These lovely woods are not dark and deep, but they have a legacy similar to Robert Frost’s poem, if not as old. This isn’t your typical review, but then this isn’t your typical Delhi restaurant. When Machan, at the Taj Mahal Hotel, opened its doors to the public at the threshold of the 1980’s, India was a very different place; so was Delhi; so was the world.
Machan, which began welcoming guests back this month with a new look and a menu ranging from the contemporary to the classic, reminds you why the Taj Mahal hotel is the heart of Delhi’s heart. The new menu, designed by Chef Arun Sundararaj, and implemented by his team, is reflective of the restaurant’s original ethos: inspired by forests, wherever said forest might be.
This is why you may first encounter, as we did, a Phu Chi Fa Bean Broth, a vegetarian consommé of ingredients found in South-East Asian tropical forests, which is a light yet flavourful showcase of that region, sans the humidity. Speaking of forests, which we invariably will throughout this exploration, we saunter across the Black Forest.
Inspired by the German-Italian wooded stretch, this dish that takes its name from the shortbread mini-pizzette, comes festooned with verdant rocket lettuce and studded with Kalamata olives, sundried tomatoes, and roasted garlic. It reminds you that forests have everything nature intended, but cities have ovens. And thank goodness for electricity.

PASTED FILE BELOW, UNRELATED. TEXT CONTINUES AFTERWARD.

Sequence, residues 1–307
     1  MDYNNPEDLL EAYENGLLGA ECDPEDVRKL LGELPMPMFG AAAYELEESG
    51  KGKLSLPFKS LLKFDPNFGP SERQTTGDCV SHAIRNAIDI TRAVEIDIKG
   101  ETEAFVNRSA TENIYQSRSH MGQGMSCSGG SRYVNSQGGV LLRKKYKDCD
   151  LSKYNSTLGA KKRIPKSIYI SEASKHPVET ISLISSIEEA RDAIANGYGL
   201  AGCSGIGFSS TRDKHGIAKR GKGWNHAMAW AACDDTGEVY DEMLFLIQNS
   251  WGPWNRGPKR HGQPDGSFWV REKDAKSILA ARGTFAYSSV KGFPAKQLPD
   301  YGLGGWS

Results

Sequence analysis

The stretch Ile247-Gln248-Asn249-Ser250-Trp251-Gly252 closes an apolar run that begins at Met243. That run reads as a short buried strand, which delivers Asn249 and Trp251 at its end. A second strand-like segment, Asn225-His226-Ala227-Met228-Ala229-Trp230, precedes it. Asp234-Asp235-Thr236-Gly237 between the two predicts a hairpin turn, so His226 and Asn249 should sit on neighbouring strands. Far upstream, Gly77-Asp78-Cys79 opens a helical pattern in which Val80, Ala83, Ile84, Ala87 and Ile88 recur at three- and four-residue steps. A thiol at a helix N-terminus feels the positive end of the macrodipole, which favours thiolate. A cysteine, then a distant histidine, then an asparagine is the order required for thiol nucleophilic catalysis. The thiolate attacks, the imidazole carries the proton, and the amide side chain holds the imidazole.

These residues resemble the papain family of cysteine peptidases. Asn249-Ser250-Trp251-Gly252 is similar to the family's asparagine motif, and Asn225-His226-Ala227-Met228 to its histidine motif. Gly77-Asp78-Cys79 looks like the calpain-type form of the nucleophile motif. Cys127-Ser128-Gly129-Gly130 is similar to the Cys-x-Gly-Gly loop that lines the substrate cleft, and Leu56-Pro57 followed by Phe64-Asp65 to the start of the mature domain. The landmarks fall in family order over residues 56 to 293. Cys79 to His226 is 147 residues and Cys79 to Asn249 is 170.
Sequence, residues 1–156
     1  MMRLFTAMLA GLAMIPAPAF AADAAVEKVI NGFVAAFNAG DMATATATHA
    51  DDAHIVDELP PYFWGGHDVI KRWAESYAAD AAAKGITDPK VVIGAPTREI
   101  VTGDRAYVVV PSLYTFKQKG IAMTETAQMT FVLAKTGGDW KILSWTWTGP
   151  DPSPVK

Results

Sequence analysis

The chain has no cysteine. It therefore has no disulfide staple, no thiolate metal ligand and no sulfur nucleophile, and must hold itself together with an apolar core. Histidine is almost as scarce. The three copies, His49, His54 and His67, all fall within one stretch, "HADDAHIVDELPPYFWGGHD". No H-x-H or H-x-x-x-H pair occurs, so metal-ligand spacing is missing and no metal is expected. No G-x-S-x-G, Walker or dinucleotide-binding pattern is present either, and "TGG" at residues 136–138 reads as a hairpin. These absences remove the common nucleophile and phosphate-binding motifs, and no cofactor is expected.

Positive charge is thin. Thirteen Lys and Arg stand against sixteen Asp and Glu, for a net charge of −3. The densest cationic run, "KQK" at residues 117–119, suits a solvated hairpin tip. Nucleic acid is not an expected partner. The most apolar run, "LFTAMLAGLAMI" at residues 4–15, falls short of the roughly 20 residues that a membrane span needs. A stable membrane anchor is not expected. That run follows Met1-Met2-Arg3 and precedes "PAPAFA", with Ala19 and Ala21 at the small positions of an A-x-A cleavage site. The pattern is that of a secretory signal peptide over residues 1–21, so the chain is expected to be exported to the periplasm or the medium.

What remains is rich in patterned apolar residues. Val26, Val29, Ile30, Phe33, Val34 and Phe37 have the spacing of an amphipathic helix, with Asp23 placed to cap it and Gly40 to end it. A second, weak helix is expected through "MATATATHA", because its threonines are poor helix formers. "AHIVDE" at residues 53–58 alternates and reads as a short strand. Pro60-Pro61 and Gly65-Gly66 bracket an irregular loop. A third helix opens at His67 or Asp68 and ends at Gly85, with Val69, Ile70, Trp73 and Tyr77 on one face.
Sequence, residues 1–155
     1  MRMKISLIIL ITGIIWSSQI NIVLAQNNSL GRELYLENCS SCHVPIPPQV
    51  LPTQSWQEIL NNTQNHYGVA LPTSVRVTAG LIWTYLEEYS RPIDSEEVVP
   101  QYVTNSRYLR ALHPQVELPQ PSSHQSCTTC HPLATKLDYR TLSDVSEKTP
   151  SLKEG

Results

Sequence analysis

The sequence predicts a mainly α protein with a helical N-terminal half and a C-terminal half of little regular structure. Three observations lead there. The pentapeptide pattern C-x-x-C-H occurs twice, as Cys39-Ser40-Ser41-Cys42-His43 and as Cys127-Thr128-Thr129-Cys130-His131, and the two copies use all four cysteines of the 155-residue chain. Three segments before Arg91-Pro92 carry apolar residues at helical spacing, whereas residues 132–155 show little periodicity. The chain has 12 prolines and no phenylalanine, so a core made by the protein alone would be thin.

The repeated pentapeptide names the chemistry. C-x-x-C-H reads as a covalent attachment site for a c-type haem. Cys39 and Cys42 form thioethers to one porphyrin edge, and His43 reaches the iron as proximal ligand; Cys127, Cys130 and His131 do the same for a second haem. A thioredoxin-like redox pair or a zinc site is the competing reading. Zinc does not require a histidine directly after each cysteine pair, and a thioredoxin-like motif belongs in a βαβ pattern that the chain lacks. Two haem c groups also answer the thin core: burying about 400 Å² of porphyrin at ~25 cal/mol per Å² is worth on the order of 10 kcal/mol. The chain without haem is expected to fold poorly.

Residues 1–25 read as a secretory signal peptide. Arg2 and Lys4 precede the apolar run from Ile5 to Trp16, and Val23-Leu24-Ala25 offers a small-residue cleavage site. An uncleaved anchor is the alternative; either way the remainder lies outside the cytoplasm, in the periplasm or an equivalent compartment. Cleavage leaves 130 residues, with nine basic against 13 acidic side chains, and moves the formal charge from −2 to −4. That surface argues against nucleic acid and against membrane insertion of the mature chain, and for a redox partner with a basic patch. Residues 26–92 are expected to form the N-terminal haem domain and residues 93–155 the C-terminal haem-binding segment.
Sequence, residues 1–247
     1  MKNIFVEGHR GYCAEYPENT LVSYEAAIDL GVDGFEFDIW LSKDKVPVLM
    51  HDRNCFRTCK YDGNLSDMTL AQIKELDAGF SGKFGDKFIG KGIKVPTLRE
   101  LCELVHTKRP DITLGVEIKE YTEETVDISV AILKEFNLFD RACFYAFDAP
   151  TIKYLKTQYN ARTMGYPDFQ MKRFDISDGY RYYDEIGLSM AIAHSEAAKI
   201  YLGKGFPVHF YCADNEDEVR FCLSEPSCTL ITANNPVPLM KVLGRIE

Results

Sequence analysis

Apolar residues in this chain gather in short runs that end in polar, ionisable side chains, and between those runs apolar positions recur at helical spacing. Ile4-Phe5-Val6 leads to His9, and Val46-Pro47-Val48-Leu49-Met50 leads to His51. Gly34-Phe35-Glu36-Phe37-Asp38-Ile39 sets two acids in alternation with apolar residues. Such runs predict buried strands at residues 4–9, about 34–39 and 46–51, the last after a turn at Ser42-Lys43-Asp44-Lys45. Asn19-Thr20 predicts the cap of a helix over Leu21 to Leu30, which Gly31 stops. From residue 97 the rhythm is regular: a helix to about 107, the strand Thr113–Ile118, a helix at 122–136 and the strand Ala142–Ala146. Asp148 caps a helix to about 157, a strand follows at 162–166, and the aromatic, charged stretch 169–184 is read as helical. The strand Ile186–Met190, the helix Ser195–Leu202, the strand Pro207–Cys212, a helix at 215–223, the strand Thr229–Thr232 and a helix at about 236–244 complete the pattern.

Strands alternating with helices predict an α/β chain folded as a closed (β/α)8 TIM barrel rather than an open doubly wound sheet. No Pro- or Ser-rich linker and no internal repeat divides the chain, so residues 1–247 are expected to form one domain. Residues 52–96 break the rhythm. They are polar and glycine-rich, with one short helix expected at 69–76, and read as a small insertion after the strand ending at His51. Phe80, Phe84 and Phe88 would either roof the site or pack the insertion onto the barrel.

*** For a change of pace, we paddle by the shore as, according to the menu, The Ocean Turns Purple. This memorably named dish with its equally memorable quenelles of mashed potato and butter poached sea bass, nestled among a bed of warm mushrooms, makes one thank logistics for the ability to get swimmingly fresh seafood into a landlocked Delhi diner’s mouth. Speaking of seafood, we would be remiss to not mention the Lumaconi, a snail shaped pasta stuffed with the treasures of the sea, served in a sauce as beguiling as it is flavoursome.
Back on land is Mushrooms on the Forest Floor, a fungi collective of stuffed Portobello and varied toasted wild mushrooms served on a bed of basil soil and buttressed with hazelnut. Eat and repeat. For dessert is the Chocolate K20, which is a single origin dark chocolate creameaux, accoutred with a hazelnut micro sponge. If that sounds too technical it’s because some things are meant to be experienced and not discussed. So, we’ll see you there. And yes, of course, the Bull’s Eye is still there in Machan.
Meal for two: Rs 3000-3500 (with taxes)
At: Taj Mahal Hotel, Man Singh Road.
Machan, designed by Chef Arun Sundararaj, is reflective of the restaurant’s original ethos:inspired by forests, wherever said forest might be.
1. Machan Breakfast Trail
2. Ecuadorian Jivara, Forest Berries
3. Mushrooms on the Forest Floor